Probably nothing divides the travelling fraternity as much as sunrises and sunsets. The former perhaps comes symbolising the possibilities and newness, the latter a harbinger of the end. It is, however, the sunset’s that always had me in the team loyally.
If it wasn’t for the overnight journey to Kanyakumari that inadvertently had me up and about at dawn, I might have never divided the affection. Through the dark and sleepy lanes, the silence of the hour amplifying the sound of crashing waves, I had placed myself on the top level of the spiral viewing tower. As I waited for the sun to cast myriad hues on the three seas below — Indian Ocean, Bay of Bengal and Arabian Sea, and the sky above, it chose to test my patience.
Yet, the moment it all turned amber, the sun coming out to cast that spell, the moon in the opposite direction still not ready to bid adieu, allegiance had taken a hit. I had seen the mornings and nights that sun brings in the hills, lands, deserts and seas. Nothing was ever this beautiful and majestic. The peacocks and their other feathered companions gracing the gardens thereafter added to the memory.
Of wind and water
The might of the three seas was, however, more pronounced at the two rock islands off the mainland. A small ferry ride, accompanied by a few turbulent but harmless instances, took me to the most popular landmark — Vivekananda Rock Memorial.
The legend has it that an avatar of Goddess Parvati — Kanya Devi, was to marry Lord Shiva. The destroyer among the holy trinity failed to show up. The locals believe that the small stones on the shores are indeed the rice and cereals that were meant to be a part of the wedding feast. The furious virgin goddess then destroyed everything in sight and slaughtered demons. She later performed penance on the same rock where Vivekananda spent three days meditating and the memorial stands.
If the sheer charm of the place somehow miraculously fails to blow you away, the strong cool winds carrying sea in them do. The feet find comfort from the hot stone floor and a sense of calm prevails in the two mandapams. The Vivekananda Manadapam houses a bronze statue of the philosopher such that the Sripada Mandapam, the shrine erected where the footprints of the goddess are seen on the rock, is in direct vision.
If the tides permit, a quick stop at the neighbouring rock to marvel at the gigantic statue of Tamil poet and philosopher — Thiruvalluvar, is also a must. A climb to the feet from inside the base of the statue gives a great view of the surroundings.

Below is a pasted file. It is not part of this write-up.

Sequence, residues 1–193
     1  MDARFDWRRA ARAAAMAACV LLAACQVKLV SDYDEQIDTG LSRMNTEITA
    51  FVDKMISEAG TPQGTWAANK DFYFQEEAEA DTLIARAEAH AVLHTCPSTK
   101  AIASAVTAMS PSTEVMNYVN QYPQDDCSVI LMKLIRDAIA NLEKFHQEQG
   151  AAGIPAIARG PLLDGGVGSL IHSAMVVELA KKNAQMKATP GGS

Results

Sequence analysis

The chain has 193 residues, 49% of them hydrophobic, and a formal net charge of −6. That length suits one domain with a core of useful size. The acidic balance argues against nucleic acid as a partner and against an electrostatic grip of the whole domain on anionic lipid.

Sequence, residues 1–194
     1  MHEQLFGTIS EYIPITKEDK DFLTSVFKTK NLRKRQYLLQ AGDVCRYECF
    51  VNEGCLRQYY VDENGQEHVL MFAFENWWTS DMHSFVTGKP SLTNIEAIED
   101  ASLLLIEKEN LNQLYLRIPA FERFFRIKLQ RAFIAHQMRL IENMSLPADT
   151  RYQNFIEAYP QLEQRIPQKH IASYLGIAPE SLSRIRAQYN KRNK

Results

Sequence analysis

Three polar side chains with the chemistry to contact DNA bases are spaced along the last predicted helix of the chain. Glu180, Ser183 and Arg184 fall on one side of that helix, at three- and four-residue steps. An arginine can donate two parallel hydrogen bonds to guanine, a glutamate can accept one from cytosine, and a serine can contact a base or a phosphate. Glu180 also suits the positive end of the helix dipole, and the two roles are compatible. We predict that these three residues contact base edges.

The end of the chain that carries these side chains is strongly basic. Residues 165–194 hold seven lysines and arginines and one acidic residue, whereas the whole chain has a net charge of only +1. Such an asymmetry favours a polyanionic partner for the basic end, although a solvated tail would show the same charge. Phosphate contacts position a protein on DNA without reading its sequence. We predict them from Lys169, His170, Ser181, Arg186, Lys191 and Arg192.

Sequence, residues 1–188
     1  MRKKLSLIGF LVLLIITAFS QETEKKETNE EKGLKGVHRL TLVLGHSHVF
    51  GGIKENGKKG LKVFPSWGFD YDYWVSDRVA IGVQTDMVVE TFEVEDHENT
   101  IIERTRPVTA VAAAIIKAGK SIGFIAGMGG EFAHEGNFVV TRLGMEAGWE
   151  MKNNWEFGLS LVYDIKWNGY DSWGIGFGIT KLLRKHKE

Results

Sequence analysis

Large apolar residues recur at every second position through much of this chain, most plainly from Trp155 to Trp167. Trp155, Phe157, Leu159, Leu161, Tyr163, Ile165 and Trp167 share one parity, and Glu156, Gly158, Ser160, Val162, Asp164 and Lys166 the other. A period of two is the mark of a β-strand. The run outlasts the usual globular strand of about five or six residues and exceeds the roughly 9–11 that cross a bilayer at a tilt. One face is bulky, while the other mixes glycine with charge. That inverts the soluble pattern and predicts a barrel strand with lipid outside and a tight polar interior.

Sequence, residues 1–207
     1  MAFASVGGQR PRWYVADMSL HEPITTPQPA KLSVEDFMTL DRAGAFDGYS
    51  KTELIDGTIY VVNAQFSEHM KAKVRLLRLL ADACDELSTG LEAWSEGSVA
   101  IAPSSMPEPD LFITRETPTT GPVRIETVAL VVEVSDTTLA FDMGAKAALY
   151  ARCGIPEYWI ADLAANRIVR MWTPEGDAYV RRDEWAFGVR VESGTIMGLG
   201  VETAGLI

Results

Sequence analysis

The virgin goddess
The 3,000-year-old Kumari Amman Temple, also called Arulmigu Bhagavathy Amman Temple, is surrounded by market lanes selling colourful cottons, jewellery, spices, and more. The goddess is worshipped as protector here, after she killed the demon king Banasura. That is believed to be the reason behind sage Narad tricking Lord Shiva and the marriage procession to return as Banasura could only be killed by a virgin girl.
The beautiful black stone idol of the goddess in the inner sanctum is highlighted by a sparkling bejewelled nose ring. It is, however, the snan or bathing ritual followed by elaborate makeup procedure that wows.
The fares at the shore
Come dusk and the beaches transform into big night markets, making the whole city one big shopping extravaganza. It also brings alive the once popular Alexandria of the East. For, Kanyakumari, apart from being a famous centre for commerce and trade, was hailed as a place for art, culture and pilgrimage.
Though the majority of the shops now are a riot of colours and full of cheap China-made products, on many others you find the treasures coming out of the waters. From tuneful conch shells to wall hangings, mirrors, jewellery, and more, made of tiny shells and stones, the place is perfect for an engaging evening stroll. The small eateries along the way and in between, selling piping hot fritters, fresh juices, local snacks and delectable chana vadas keep you energised and happy.
Around 10km away from Kanyakumari, Suchindram boasts of one of the most unique temples in the country. Its majestic white entrance is visible from far. It is dedicated to three different deities (Lord Shiva, Vishnu and Brahma), albeit represented in one idol — Sthanumalayan Kovil. The beautiful corridors full of pillars, musical ones too, are the main attraction, along with the gigantic Hanuman idol. Suchindram, along with Kanyakumari, formed a part of Travancore kingdom.
If you happen to plan your outward journey from Kanyakumari by train from the quaint little station of Nagercoil Town, reminiscent of Malgudi Days with the hills, green pastures, cattle and handful of passengers waiting at the lone platform, keep an eye out for Muppandal Wind Farm. One of the largest onshore wind farms in the world, and India’s biggest source of wind energy, its huge wind mills stand over the trees around.
First Published: Apr 15, 2019 14:19 IST